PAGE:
RICHARD ROHR greets thousands of friends via his Daily Meditations. Visit his Center for Action and Contemplation website and you can join those friends via the Daily Meditations sign-up box—on the right-hand side of the webpage. To convey the importance of this aspect of his ministry, ReadTheSpirit invited the Rev. John Emmert, a semi-retired Episcopal priest from Pennsylvania to describe what these short messages from Richard represent in his life. John follows his own discipline of prayer, meets regularly with friends and colleagues to talk about faith and occasionally serves in local parishes. Richard’s notes have made a difference in all of those phases of John’s life. Here’s how …
Thanking Richard Rohr
BY THE REV. JOHN EMMERT
ALTHOUGH RICHARD ROHR is a prolific writer, I must admit I have never read one of his books. I know him only through his daily messages from his Center for Contemplation and Action. I no longer remember exactly who brought these daily gems of inspiration to my attention, but they have become anticipated touchstones of theology and thoughtfulness that I would miss more than my morning coffee.
They are short—never more than a paragraph or two: an idea, a reminder of a Christian season or celebration, a reflection on a sentence or two of scripture, development of a weekly theme. A few words that set a tone or raise an issue—personal, ecclesiastical, vocational, life-style—that more often than not lead to small changes of thinking and living. The impact of his wisdom accumulates quite significantly. I cannot count the number of times these inspirational pieces “coincidentally” touch a theme I am pondering with a friend or colleague, and influence our discussion, a decision and an action.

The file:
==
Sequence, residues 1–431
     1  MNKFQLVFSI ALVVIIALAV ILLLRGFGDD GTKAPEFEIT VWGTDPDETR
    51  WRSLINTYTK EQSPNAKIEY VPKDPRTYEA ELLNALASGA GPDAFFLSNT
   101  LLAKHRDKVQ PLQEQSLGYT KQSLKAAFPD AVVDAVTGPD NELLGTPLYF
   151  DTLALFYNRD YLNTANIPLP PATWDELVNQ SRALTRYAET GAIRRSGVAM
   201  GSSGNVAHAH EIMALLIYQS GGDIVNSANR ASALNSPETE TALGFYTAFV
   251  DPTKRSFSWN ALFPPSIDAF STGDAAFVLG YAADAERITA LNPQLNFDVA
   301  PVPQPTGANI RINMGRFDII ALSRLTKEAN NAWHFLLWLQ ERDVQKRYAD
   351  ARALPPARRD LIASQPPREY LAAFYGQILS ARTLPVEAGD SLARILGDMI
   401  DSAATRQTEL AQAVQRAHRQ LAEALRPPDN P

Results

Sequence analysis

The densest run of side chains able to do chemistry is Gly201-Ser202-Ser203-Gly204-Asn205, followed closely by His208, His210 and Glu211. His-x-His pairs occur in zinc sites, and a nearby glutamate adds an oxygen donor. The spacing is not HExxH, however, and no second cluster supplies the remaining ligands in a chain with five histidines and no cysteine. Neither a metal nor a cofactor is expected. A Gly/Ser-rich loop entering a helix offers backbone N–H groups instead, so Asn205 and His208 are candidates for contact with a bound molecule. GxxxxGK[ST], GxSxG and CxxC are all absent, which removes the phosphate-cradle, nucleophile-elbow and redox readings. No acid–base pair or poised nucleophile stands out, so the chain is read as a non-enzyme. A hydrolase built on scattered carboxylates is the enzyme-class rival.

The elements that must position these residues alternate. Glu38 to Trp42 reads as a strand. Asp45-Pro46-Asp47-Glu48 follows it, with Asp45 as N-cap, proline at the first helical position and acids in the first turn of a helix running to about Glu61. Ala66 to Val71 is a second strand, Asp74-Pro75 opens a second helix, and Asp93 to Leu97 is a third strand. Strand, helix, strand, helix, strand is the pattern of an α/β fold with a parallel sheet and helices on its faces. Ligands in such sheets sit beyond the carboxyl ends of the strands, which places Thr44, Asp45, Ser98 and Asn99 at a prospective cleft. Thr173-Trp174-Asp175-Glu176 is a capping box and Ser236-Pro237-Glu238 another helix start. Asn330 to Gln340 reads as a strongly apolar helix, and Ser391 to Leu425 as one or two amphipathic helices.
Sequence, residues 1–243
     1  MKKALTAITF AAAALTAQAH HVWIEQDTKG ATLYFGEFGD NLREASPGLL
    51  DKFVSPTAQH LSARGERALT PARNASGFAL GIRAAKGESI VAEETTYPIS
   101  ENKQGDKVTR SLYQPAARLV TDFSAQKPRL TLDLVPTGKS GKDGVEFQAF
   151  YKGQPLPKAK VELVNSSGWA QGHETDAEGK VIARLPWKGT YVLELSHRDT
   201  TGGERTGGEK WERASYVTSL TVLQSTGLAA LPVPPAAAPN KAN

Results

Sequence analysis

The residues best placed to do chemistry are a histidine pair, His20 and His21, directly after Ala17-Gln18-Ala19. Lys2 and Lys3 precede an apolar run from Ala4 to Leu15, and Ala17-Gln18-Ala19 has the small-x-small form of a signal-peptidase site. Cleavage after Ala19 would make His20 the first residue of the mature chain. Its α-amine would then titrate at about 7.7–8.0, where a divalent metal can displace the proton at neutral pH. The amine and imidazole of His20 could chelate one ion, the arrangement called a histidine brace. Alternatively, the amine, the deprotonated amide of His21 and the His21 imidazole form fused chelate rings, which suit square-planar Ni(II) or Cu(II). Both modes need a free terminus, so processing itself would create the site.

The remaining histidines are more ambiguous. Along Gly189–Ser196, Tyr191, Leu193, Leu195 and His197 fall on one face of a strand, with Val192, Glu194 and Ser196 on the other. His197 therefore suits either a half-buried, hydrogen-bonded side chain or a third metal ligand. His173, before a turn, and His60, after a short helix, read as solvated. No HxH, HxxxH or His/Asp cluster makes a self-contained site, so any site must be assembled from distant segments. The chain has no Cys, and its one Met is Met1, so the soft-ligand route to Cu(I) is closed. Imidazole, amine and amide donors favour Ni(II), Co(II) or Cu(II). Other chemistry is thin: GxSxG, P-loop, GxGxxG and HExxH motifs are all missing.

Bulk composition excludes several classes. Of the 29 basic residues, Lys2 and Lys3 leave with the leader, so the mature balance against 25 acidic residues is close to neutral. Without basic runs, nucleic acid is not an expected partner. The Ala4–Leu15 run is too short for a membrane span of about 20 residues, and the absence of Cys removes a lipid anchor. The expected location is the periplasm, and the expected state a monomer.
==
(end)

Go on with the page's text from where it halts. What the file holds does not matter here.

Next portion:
They are pithy, but practical. I’ve tried to think of a general descriptor, but none is quite adequate: “Where-the-rubber-meets-the-road” theology? A coincidence of exegesis and praxis? Where heart-mind-body-and spirit/Spirit touch? Where presence and Presence animate one another?
They are Catholic, in the very best sense of that word (as we use it in the creeds). They are also beyond Catholic. They reach for the Mystery that all religious language and experience aspires to touch, yet never quite adequately does—except that not to have tried would be so much the worse.
They are “old”—vintage, richly aged and time-tested truths. But “new” and fresh and re-born, with a twist or side-ways glance, that either opens my eyes (or narrows them), as I try to see more clearly, more deeply yet again.
Sometimes they are visual, as the picture of a “Young Madonna” to illustrate “Mary, the Prepared One.” The Daily Meditations used that striking photo of a young Mexican girl each day for a week in Advent. I pulled it up on my I-pad, and passed it around the congregation as we contemplated the image of a teen-age Mary, offering herself as Theotokos.
I have tried to find a niche for Richard—a person I’ve never met, who yet now occupies a place of Anam Cara, soul friend, in my life. I think he reminds me of Merton, even more Nouwen. I recall another Advent piece on “Learning to Receive” in which Richard remarked on Mary’s “fertility and fruitfulness” in contrast to our culture’s productiveness, a theme I first heard many years ago from Nouwen. So, Gordon Cosby, Madeline L’Engle, Elizabeth O’Connor, Eugene Peterson, Jim Wallis, Steven Charleston—name your own roster of speakers and livers of Truth and Wisdom. So, thanks be for such Grace-bearers and sharers; Richard is now included in my list.
Originally published at readthespirit.com, an online magazine covering religion and cultural diversity.